Replacing the water pump

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Thanks to Ken Mark.

I replaced my water pump to solve a leakage problem. It's an expensive pump ... more than 3 times the price of a conventional one. It was the most agonizing repair job I've ever, ever done on a car! Proper tools and time are essential.

The biggest problem I had was with the "infamous crankshaft bolt". Mine must have been tightened to a few hundred ft-lbs! You have to take the wheels off and use prybars thru the wheel studs against the floor to prevent the axle from rotating as you apply torque to the bolt.

To remove the bolt, I first tried applying heat and a 3 foot bar with a socket without success. I then rented an electric 1/2" impact wrench ... still no go. Next was an electric 3/4" impact wrench. After 10 minutes of applying red hot heat and hitting it with the impact wrench, the stubborn bolt still wouldn't budge. I took time out for a quick prayer and it finally came loose on what was intended as my last attempt! A powerful air driven impact wrench is mandatory and probably would have made quick work of an otherwise troublesome bolt.

Ed. note: There are several alternative methods for removing the crank bolt. If you don't know what you're doing, though, don't try any of these! Darwin's principles apply to humans too, after all. You can remove that stubborn crank bolt by putting a breaker bar on the bolt, allowing the bar to dangle in front of the subframe crossmember and using the starter motor to break the bolt loose. The EEC should be disabled by either disconnecting the DIS, the EEC ground, or the coil pack before doing this to make sure the engine doesn't start. You can also try having one person stand on the brakes with the clutch engaged and the car in gear, while a second person wrestles with the bolt.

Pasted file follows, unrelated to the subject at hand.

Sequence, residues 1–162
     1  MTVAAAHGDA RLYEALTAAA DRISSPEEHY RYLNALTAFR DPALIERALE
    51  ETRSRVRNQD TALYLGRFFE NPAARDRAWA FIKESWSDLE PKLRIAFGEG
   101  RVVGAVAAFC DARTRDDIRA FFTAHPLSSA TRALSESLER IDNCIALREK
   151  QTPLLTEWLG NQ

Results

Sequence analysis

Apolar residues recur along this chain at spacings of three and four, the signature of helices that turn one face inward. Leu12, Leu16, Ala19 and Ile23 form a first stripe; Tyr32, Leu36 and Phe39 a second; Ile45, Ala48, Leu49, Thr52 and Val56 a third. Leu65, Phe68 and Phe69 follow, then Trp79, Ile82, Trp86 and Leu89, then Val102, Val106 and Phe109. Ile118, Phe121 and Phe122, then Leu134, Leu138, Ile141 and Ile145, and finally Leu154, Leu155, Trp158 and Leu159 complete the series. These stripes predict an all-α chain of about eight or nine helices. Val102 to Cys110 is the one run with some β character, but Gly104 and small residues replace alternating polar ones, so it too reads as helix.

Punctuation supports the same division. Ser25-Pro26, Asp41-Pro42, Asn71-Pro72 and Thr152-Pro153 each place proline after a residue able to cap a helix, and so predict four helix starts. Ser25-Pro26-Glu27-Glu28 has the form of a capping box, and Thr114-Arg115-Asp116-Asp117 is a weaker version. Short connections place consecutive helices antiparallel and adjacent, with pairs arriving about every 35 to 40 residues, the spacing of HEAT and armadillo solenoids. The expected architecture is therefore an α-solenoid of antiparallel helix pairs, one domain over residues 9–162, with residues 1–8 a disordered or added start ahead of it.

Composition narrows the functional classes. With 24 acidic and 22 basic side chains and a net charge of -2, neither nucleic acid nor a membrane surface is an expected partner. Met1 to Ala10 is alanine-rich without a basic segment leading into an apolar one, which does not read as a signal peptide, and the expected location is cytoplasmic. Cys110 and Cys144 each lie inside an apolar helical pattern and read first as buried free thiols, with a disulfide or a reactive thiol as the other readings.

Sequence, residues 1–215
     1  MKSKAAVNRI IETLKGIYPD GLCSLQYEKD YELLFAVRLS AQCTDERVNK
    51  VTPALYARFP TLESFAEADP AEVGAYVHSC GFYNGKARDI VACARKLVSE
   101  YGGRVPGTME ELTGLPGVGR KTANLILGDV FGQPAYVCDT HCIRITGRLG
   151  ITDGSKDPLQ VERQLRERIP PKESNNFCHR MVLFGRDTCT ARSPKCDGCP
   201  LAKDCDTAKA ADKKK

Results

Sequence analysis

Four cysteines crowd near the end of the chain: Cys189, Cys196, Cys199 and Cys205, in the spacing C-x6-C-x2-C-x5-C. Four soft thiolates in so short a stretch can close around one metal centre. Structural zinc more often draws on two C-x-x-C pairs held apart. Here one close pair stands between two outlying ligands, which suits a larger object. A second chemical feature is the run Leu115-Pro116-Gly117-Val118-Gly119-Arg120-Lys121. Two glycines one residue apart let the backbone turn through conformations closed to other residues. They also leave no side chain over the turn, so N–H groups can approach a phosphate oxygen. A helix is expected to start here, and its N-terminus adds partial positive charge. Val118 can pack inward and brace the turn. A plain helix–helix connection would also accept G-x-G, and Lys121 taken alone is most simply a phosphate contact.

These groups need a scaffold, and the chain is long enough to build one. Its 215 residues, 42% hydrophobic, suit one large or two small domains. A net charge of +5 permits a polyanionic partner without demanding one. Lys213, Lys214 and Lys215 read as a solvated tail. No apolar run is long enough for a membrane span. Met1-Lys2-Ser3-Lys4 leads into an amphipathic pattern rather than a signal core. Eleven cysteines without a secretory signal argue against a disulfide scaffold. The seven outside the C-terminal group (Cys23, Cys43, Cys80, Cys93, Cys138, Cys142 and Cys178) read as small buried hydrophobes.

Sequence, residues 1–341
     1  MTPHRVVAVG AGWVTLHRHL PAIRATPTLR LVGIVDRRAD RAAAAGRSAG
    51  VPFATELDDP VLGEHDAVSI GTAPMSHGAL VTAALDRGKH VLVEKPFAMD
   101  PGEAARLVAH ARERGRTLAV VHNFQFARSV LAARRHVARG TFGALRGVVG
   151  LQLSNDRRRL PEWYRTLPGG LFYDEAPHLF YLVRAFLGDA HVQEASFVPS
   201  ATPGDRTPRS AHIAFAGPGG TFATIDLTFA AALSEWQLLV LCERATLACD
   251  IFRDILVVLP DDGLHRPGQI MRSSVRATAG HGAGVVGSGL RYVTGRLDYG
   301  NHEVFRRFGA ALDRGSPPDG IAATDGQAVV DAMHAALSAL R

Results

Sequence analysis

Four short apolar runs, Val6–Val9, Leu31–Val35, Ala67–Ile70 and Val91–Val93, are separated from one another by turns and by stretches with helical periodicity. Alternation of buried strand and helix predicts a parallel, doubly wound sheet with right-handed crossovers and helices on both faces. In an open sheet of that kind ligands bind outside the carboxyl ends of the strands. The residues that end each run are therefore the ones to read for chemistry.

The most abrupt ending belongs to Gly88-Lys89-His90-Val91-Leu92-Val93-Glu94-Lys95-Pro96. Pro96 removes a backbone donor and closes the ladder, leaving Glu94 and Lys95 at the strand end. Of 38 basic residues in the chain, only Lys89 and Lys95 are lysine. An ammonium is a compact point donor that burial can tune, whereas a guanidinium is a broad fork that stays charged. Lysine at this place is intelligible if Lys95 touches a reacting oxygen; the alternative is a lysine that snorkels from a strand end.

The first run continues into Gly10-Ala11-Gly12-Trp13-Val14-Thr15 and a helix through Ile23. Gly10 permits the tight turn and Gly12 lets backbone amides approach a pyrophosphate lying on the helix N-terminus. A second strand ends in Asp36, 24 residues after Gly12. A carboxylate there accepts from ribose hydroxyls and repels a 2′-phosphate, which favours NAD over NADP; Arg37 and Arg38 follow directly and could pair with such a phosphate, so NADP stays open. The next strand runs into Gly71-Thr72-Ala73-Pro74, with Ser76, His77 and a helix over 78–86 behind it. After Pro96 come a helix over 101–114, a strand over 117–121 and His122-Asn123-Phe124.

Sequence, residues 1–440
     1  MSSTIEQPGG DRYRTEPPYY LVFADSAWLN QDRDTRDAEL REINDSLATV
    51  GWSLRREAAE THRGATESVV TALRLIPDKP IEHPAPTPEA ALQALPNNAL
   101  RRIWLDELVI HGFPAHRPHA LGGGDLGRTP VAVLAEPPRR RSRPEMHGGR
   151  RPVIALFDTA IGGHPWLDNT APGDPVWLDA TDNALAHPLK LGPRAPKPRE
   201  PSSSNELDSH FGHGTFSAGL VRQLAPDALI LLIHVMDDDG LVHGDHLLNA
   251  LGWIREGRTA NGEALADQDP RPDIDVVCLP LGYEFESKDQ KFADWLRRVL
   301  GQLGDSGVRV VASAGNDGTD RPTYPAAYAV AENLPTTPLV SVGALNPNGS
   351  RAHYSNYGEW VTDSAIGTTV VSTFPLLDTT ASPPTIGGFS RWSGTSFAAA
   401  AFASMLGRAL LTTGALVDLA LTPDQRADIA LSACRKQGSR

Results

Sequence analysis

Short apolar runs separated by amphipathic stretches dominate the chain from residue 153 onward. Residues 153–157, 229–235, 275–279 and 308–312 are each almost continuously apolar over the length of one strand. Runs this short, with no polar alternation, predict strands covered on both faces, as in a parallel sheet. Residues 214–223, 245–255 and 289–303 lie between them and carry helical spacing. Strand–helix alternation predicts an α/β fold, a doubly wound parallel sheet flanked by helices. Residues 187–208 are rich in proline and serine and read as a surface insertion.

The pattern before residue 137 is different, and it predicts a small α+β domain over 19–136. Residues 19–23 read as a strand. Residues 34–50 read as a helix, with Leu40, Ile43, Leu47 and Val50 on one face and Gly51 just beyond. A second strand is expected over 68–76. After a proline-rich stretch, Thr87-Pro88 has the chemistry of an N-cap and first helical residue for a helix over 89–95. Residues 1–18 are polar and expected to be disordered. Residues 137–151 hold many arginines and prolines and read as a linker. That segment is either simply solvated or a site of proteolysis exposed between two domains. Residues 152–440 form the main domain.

Virtually the entire right side of engine compartment has to be dismantled to get proper access. It's also helpful if you remove the engine strut brace because it obstructs access when removing belts. The crankshaft bolt itself has to be accessed thru the wheel well. I also replaced the timing belt at the same time since you have to remove it anyway to avoid getting coolant all over it.

The actual pump replacement was a breeze. No gaskets or sealants required. It's a high tech looking pump with 2 rubber o-ring seals. Make sure you wet down the big o-ring with water before slipping it onto the coolant pipe. I failed to do this, and the o-ring distorted as I assembled things, causing a leak.

I think most dealers will quote you 4-6 hours for this job. After having done it, I can probably do it in less than 4 hours if I had to do it again with the proper tools. I probably spent a couple of weekends with my head buried in the wheel well of my SHO trying to break that bolt free!